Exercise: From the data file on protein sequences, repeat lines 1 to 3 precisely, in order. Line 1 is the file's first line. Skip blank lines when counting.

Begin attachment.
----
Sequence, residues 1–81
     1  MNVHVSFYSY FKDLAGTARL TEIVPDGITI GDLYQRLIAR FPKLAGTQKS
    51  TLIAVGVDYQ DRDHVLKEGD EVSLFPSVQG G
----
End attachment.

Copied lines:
Sequence, residues 1–81
     1  MNVHVSFYSY FKDLAGTARL TEIVPDGITI GDLYQRLIAR FPKLAGTQKS
    51  TLIAVGVDYQ DRDHVLKEGD EVSLFPSVQG G